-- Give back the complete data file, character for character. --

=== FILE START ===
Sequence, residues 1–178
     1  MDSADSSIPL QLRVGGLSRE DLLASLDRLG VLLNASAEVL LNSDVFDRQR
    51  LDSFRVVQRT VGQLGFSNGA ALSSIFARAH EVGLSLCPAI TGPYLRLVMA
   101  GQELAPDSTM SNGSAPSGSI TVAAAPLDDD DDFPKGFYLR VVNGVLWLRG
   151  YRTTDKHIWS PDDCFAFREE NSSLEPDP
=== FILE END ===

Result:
Sequence, residues 1–178
     1  MDSADSSIPL QLRVGGLSRE DLLASLDRLG VLLNASAEVL LNSDVFDRQR
    51  LDSFRVVQRT VGQLGFSNGA ALSSIFARAH EVGLSLCPAI TGPYLRLVMA
   101  GQELAPDSTM SNGSAPSGSI TVAAAPLDDD DDFPKGFYLR VVNGVLWLRG
   151  YRTTDKHIWS PDDCFAFREE NSSLEPDP